Risk Of Malignancy For Each Bethesda Class In Pediatric Thyroid Nodules.
Published 2015 · Medicine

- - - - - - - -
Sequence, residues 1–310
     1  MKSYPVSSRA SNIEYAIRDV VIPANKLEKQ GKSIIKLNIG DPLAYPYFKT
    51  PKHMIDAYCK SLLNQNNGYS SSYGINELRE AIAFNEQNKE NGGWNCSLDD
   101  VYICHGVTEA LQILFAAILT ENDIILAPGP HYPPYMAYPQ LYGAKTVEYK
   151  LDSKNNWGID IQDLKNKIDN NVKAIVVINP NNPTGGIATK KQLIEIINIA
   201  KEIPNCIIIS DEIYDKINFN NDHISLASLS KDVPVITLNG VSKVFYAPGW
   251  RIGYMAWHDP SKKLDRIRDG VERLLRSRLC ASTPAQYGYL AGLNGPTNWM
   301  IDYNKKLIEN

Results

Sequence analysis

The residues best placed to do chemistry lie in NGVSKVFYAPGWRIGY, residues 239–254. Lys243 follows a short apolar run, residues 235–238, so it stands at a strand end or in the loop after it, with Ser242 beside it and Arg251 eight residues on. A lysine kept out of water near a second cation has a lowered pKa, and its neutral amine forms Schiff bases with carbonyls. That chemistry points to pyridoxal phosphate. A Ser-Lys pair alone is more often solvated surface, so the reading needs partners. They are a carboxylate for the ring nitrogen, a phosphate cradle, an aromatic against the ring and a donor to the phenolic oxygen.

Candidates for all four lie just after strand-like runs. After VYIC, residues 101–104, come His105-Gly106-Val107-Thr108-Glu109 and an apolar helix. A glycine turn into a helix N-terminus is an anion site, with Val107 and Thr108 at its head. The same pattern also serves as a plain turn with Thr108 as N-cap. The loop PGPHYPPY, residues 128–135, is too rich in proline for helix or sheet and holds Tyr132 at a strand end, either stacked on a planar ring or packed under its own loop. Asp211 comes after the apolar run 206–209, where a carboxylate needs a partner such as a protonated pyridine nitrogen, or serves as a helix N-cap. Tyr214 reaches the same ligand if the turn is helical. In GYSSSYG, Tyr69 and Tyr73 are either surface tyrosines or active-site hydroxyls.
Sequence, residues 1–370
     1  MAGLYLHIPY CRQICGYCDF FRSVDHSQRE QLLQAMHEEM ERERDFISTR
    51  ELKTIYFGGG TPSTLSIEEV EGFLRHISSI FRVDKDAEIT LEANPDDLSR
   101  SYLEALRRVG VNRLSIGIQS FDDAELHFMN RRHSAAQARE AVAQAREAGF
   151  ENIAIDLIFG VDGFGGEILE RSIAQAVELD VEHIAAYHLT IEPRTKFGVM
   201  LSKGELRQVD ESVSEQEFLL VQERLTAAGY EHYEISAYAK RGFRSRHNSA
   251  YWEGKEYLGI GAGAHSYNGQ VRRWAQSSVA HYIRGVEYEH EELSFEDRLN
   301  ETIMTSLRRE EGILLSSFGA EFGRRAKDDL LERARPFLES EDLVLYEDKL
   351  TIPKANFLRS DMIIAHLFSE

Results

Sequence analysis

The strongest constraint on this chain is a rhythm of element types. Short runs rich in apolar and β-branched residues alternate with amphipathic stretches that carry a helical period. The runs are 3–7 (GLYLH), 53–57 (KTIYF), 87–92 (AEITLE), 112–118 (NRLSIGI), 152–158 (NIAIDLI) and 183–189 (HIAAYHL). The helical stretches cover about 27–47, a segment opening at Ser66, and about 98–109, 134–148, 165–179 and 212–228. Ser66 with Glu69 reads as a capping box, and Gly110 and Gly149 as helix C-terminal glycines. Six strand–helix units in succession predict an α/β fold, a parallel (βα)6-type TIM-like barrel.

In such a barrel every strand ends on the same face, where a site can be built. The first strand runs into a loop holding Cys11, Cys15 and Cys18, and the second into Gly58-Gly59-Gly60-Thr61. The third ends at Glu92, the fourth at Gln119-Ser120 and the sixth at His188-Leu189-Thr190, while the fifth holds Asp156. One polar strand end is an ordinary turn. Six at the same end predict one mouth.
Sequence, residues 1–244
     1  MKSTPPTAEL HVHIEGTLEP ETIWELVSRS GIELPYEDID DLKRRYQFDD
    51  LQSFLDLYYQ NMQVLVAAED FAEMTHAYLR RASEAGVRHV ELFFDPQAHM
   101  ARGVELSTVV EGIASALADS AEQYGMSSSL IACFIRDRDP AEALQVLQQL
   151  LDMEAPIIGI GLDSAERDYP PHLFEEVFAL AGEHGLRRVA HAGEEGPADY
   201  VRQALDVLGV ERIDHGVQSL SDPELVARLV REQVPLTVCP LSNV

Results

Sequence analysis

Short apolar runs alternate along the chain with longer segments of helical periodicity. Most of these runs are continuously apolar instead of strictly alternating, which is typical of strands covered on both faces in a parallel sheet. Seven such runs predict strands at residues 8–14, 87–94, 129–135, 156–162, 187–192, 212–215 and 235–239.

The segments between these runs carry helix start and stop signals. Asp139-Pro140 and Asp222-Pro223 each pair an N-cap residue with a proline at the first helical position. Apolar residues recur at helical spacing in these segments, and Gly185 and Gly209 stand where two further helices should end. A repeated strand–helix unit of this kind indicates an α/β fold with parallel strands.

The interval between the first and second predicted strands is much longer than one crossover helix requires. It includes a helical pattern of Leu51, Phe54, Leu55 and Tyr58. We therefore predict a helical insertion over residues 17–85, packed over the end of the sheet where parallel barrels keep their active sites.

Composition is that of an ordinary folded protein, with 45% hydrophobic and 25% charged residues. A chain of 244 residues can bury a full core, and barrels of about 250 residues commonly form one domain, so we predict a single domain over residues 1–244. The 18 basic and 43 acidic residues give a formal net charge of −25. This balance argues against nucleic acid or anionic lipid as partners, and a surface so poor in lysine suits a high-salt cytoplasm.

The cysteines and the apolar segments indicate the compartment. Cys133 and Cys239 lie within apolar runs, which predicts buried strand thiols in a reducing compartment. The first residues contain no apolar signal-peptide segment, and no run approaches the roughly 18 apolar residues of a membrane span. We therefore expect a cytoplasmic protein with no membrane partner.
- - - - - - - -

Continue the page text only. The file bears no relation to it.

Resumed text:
PURPOSE The Bethesda classification for cytology is used to classify thyroid nodules into one of six categories, and for each category there is an implied cancer risk and also recommendation for management. Despite lack of data in children, the American thyroid association promotes the use of the same management guidelines as in adults. Our aim was to study the risk of malignancy for each Bethesda class in children with thyroid nodules. METHODOLOGY We included all patients ≤18years of age that had underwent a thyroid fine needle aspiration (FNA) at one of two centers between January 1998 and July 2013. FNA results were reclassified according to the Bethesda criteria. Histological, repeat cytological, radiological and clinical follow-up were recorded. RESULTS Fifty-six patients (66 nodules) underwent FNB. Mean age was 13.6 years. Numbers of nodules reported as BI-BVI were 7, 38, 11, 4, 3 and 3, respectively. Follow-up was achieved for 55 (83%) nodules. Twelve (18%) nodules were malignant by histology and revealed papillary (n=7), follicular (n=3) or insular thyroid cancer (n=2), The proportion of nodules with malignancy for BI-BVI was: 0%, 0%, 18%, 100%, 100% and 100%. CONCLUSION The rate of malignancy in thyroid nodules in children seems to be higher than reported in adults. The Bethesda criteria seem to accurately identify benign nodules, but other categories have a very high rate of malignancy and BIII nodules pose a particular challenge.